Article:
Chain used during the slave trade in Badagry, Nigeria

Historians estimate that between 650 AD and the 1960s, 10 to 18 million people were enslaved by the Arab world. They were taken from Europe, Asia and Africa across the Red Sea, Indian Ocean, and the Sahara desert.[22] For four centuries, beginning in the late 15th century, millions of Africans were taken as slaves by Europeans.[23] They got this idea from the Arab empires which had been taking black slaves from Africa since the 7th century.[22] Europeans began exporting Africans to the New World as a source of cheap labor on colonial plantations.[23] This was called the Atlantic slave trade. Early attempts to enslave Native Americans failed which gave rise to the African slave trade. Africans were a relatively easy source of slaves as European traders did not have to capture them, but relied on Arabs and other Africans to do it for them. Even before outside slave traders took advantage of Africans, the Africans themselves had established slave trading.[24] Theirs was not an economy based on money, but on trading. Slaves were a commodity (a substitute for money).[24]

Slave sales

A sculpture depicting a Nigerian about to be sold
The first slave auction in New Amsterdam in 1655

Slaves were often sold at markets and auctions. Slave auctions show that slaves were not thought of as human beings with human rights. Instead, they were thought of as property, which could be bought or sold. Slaves that were for sale were often advertised in the newspapers, like today's newspapers advertise cars or houses.[25] Slave traders were even listed in public directories (like today's phone books).[26]p. 96

Slaves did not have any say in what happened to them. Many times, families were split up and sold to different owners for different amounts of money. Millions of families became separated this way and never saw each other again.[27][28]

Types of auction


There were three types of auctions: Grab and go, May the highest bidder win, and the scramble.

In a "grab and go" auction, a buyer would give the slave trader a certain amount of money and would get a ticket. When a drum roll sounded, the pen holding the slaves would open. The buyer would rush in and grab the slave or slaves that he wanted. He would then show his ticket to the slave trader before he left.[29]

In a "may the highest bidder win" auction, slaves would be shown to the buyers one at a time. If more than one buyer wanted a particular slave, all of the buyers would have to bid on the slave (making offers for what they were willing to pay). Slaves would be investigated by the buyer and would be forced to be poked, and tortured by the buyer. The buyer who bid the highest would be able to buy that slave for the amount of money he bid.[28][30]

In "the scramble," buyers would quickly grab whichever slaves they wanted and would take them to work.[31]

Slaves were prepared for this when the sellers put fat and tar on them to make them look more healthy.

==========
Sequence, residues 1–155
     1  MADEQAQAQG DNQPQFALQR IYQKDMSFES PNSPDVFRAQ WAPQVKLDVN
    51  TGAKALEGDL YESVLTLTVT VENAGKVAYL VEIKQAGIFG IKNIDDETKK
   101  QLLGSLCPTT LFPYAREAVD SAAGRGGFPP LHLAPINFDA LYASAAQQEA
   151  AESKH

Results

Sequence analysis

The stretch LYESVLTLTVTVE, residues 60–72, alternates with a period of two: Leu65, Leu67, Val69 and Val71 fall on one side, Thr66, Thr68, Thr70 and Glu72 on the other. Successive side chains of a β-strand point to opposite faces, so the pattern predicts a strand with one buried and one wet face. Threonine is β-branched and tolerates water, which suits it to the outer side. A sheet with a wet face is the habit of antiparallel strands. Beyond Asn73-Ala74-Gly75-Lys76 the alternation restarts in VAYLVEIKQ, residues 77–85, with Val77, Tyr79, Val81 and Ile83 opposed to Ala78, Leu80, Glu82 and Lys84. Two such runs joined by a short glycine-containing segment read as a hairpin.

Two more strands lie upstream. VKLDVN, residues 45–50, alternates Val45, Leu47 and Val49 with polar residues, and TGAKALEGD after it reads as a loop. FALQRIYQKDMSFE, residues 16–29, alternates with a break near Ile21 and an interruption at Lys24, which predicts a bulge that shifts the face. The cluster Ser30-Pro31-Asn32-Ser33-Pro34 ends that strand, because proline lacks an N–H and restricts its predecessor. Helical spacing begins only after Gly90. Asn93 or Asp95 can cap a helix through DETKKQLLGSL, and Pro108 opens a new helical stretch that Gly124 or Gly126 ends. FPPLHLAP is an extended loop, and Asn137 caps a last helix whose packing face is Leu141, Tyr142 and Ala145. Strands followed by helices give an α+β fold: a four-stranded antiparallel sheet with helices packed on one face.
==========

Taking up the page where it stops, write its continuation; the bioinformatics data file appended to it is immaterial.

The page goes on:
1. Klein, Herbert S.; III, Ben Vinson (2007). African Slavery in Latin America and the Caribbean (2nd ed.). New York [etc.]: Oxford University Press. ISBN 978-0195189421.
  2. Hunt, Peter (2015). "Slavery". The Cambridge World History: Volume 4: A World with States, Empires and Networks 1200 BCE–900 CE. 4: 76–100. doi:10.1017/CBO9781139059251.006. ISBN 9781139059251. Somewhat more convincing are statistical surveys of large numbers of societies that show that slavery is rare among hunter-gatherers, is sometimes present in incipient agricultural societies, and then becomes common among societies with more advanced agriculture. Up to this point slavery seems to increase with increasing social and economic complexity.
  3. Smith, Eric Alden; Hill, Kim; Marlowe, Frank; Nolin, David; Wiessner, Polly; Gurven, Michael; Bowles, Samuel; Mulder, Monique Borgerhoff; Hertz, Tom; Bell, Adrian (February 2010). "Wealth Transmission and Inequality Among Hunter-Gatherers". Current Anthropology. 51 (1): 19–34. doi:10.1086/648530. PMC 2999363. PMID 21151711. Summary characteristics of hunter-gatherer societies in the Standard Cross-Cultural Sample (SCSS). [...] Social stratification [: ...] Hereditary slavery 24% [...].
  4. 4.0 4.1 Hunt, Peter (2015). "Slavery". The Cambridge World History: Volume 4: A World with States, Empires and Networks 1200 BCE–900 CE. 4: 76–100. doi:10.1017/CBO9781139059251.006. ISBN 9781139059251. Slavery was a widespread institution in the ancient world (1200 BCE – 900 CE). Slaves could be found in simpler societies, but more important and better known was the existence of slavery in most advanced states. Indeed, it is hard to find any ancient civilizations in which some slavery did not exist. Slave use was sometimes extensive.
  5. Tetlow, Elisabeth Meier (2004). "Sumer". Women, Crime and Punishment in Ancient Law and Society: Volume 1: The Ancient Near East. Women, Crime, and Punishment in Ancient Law and Society. Vol. 1. New York: A&C Black. p. 7. ISBN 9780826416285. Retrieved 17 March 2019. In Sumer, as in most ancient societies, the institution of slavery existed as an integral part of the social and economic structure. Sumer was not, however, a slavery based economy.
  6. "Mesopotamia: The Code of Hammurabi". Archived from the original on 14 May 2011. e.g. Prologue, "the shepherd of the oppressed and of the slaves" Code of Laws No. 307, "If any one buy from the son or the slave of another man".